by Scott Mehl
Elisabeth of Anhalt, Grand Duchess of Mecklenburg-Strelitz
Princess Elisabeth Marie Friederike Amalie Agnes of Anhalt was born on September 7, 1857 at the Wörlitz Palace near Dessau, to Hereditary Prince Friedrich of Anhalt (later Duke Friedrich I) and Princess Antoinette of Saxe-Altenburg. She had five siblings:
- Leopold, Hereditary Prince of Anhalt (1855) – married Elisabeth of Hesse-Kassel, had issue
- Friedrich II, Duke of Anhalt (1856) – married Marie of Baden, no issue
- Eduard, Duke of Anhalt (1861) – married Luise of Saxe-Altenburg, had issue
- Prince Aribert of Anhalt (1864) – married Princess Marie Louise of Schleswig-Holstein, no issue
- Princess Alexandra of Anhalt (1868) – married Sizzo, Prince of Schwarzburg, had issue
Her christening was held on October 1, 1857 at the Wörlitz Church. She had the following godparents:
- Leopold IV, Duke of Anhalt – her paternal grandfather
- Duchess Agnes of Saxe-Altenburg – her paternal aunt
- Prince Wilhelm of Anhalt – her paternal great-uncle
- Queen Elisabeth Luise of Prussia
- Queen Marie of Bavaria
Her childhood was spent at the Hereditary Princely Palace in Dessau and the Wörlitz Palace, where she was educated privately by the family’s tutor and her governess. In 1871, her father succeeded as reigning Duke of Anhalt, and the family moved to the Residence Palace in Dessau.
Several years later, in 1876, she first met her future husband, the Hereditary Grand Duke Adolf Friedrich of Mecklenburg-Strelitz. He was the son of Friedrich Wilhelm, Grand Duke of Mecklenburg-Strelitz and Princess Augusta of Cambridge. The two were second cousins once removed through their mutual descent from Carl II, Grand Duke of Mecklenburg-Strelitz. They met again later that year when Adolf Friedrich was visiting some mutual relatives, and they became engaged on December 29, 1876. They married at the Dessau Palace on April 17, 1877, and had four children:
- Duchess Marie of Mecklenburg-Strelitz (1878) – married (1) Count Georges Jamatel, had issue; (2) Prince Julius Ernst of Lippe, had issue
- Duchess Jutta of Mecklenburg-Strelitz (1880) – married Danilo, Crown Prince of Montenegro, no issue
- Adolf Friedrich VI, Grand Duke of Mecklenburg-Strelitz (1882) – unmarried
- Duke Karl Borwin of Mecklenburg-Strelitz (1888) – unmarried
Quickly adapting to her role as Hereditary Grand Duchess, Elisabeth found a great ally in her mother-in-law, with whom she shared many interests. The two often hosted musical concerts and promoted numerous artists and musicians. She tried to use her public profile to bring attention to causes which were near to her heart, including nature and flowers, becoming an honorary member of the Association for the Protection of Birds. After becoming Grand Duchess in 1904 following her father-in-law’s death, she continued to support her causes while taking on a much more public role. Following the death of her youngest son in 1910, she established the Duke Carl Borwin Memorial Home in Neustrelitz, to provide a home for orphans and children in need.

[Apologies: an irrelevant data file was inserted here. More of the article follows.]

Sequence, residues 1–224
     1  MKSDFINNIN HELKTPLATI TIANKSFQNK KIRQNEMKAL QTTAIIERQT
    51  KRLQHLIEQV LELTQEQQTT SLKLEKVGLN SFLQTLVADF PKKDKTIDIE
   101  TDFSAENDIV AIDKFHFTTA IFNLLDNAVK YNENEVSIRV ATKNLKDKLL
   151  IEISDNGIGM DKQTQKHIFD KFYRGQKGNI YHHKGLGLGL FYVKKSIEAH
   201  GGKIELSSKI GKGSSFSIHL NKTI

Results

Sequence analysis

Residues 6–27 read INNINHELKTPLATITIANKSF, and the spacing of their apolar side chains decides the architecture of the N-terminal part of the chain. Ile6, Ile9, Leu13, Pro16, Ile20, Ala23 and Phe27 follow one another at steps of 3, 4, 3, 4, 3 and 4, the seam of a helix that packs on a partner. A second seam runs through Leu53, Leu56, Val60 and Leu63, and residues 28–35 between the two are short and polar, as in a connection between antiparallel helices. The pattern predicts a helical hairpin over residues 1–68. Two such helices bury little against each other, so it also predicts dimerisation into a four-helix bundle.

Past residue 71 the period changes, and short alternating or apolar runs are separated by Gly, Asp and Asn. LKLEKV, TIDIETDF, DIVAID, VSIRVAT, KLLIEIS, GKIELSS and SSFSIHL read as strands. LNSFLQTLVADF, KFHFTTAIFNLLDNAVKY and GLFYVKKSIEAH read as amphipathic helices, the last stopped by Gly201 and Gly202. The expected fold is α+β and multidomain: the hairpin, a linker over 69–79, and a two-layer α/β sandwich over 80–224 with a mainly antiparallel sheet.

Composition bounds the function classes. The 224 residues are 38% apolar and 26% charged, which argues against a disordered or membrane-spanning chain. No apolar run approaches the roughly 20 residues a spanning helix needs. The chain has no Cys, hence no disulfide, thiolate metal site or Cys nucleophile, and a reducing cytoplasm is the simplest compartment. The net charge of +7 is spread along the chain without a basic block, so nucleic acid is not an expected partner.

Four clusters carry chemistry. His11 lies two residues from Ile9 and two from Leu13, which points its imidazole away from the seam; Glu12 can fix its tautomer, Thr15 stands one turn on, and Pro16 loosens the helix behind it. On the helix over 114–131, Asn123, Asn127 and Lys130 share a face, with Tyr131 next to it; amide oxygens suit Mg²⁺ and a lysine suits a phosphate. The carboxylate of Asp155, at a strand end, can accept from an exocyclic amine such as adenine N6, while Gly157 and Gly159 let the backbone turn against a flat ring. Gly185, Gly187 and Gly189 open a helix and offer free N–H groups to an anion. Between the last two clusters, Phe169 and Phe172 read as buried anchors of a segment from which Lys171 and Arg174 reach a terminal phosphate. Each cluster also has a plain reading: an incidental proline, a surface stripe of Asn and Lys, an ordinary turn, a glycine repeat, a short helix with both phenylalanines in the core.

Following her husband’s death in 1914, she remained first lady of Mecklenburg-Strelitz during the reign of her unmarried son, and became very active with the Red Cross during World War I. Following the abolition of the monarchy in 1918, Elisabeth remained in Neustrelitz, taking up residence in the Park House which she had inherited earlier that year from her son. The Neustrelitz Palace had been taken over by the government, and she continued to fight for compensation for the loss of the family’s property. Remaining active right up until her death, Elisabeth remained in Neustrelitz, often hosting visits from her daughters and grandchildren, and staying in close contact with various relatives throughout Europe. Her last public appearance was on July 19, 1933, when she attended a ceremony at the Hohenziertz Palace commemorating the death of Queen Luise of Prussia, who had been born a Duchess of Mecklenburg-Strelitz.
The following day, on July 20, 1933, Grand Duchess Elisabeth died in Neustrelitz. Following her funeral, her remains were placed in the New Crypt at the Johanniterkirche in Mirow, alongside her husband and sons.